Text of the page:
Twietmeyer Law Scores a Major Victory for Patrons and Employees of

California's Tribal Casinos

The Law Office of Andrew W. Twietmeyer has scored a major win in the California Court of Appeal for patrons and employees of Tribal Casinos in California in the case Cosentino vs. Fuller et. al. (G050923).

Mr. Twietmeyer filed a civil action on the Plaintiff's behalf in the Riverside County Superior Court on March 25, 2013. See Cosenitino vs. Fuller et. al., R.S.C. Case No. 1300396. The Complaint alleges civil causes of against five former gaming commissioners of the Pechanga Band of Luiseño Mission Indians who, the complaint alleges, revoked Plaintiff's gaming license without cause and in retaliation for the Plaintiff’s cooperation with the Department of Justice as a confidential informant.


On July 26, 2013, the Riverside County Superior Court dismissed the complaint finding that the five Defendants were shielded from suit by tribal sovereign immunity. Mr. Twietmeyer timely appealed on the Plaintiff's behalf.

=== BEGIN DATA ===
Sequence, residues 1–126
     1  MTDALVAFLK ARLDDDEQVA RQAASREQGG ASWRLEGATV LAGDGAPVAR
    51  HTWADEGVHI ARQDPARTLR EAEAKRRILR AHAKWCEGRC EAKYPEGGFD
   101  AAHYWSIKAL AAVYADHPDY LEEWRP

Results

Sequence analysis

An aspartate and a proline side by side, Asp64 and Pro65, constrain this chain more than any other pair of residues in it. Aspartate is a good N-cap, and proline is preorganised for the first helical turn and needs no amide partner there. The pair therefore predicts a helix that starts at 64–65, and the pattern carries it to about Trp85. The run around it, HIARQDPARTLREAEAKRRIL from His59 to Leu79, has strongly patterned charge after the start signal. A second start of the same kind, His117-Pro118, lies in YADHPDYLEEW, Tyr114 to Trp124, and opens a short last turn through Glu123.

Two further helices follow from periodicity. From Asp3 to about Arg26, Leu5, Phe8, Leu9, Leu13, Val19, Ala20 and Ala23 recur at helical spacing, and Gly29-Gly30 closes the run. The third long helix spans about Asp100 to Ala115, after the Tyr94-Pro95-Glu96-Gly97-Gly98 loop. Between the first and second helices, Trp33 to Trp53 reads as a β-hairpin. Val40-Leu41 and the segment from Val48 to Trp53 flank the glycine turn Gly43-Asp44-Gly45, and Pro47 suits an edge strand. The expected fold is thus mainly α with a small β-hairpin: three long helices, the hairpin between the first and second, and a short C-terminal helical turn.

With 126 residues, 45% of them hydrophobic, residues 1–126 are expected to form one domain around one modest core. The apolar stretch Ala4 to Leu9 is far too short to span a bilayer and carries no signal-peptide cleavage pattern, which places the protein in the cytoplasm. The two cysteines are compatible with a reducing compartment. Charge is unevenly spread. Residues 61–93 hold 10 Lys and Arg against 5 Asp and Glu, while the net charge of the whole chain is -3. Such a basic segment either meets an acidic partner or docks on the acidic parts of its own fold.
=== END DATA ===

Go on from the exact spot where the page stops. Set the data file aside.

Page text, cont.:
On May 28, 2015, in an opinion certified for publication, a three-judge panel of California Court of Appeal, Fourth District, Division Three, unanimously reversed. The Court held (as Mr. Twietmeyer argued) that tribal sovereign immunity does not shield a tribal official from being sued in his or her individual capacity for tortious acts taken in his or her official capacity, if those tortious acts violate the scope of his or her statutory authority. "A tribal official also may forfeit immunity where he or she acts out of personal interest rather than for the benefit of the tribe.” See Op. at 11.

Mr. Twietmeyer stated, “The California Court of Appeal today provided much-needed clarity regarding the limits of the doctrine of Tribal Sovereign Immunity—a doctrine that (as this case illustrates) has become shockingly expansive in its application at the trial level in California. Tribal officials are not sovereigns. They are mere mortals like you and I. When a tribal official’s tortious acts violate the scope of that official's authority, the official is justly subject to suit like everyone else is. We are all equal under the law.”

The opinion is available here.

http://www.courts.ca.gov/opinions/documents/G050923A.PDF